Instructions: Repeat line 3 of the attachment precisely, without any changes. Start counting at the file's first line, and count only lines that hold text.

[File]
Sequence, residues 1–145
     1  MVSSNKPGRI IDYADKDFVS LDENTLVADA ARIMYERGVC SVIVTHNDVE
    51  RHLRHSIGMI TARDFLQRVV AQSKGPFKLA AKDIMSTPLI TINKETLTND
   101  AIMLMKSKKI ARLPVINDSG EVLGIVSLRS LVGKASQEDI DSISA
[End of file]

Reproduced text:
    51  RHLRHSIGMI TARDFLQRVV AQSKGPFKLA AKDIMSTPLI TINKETLTND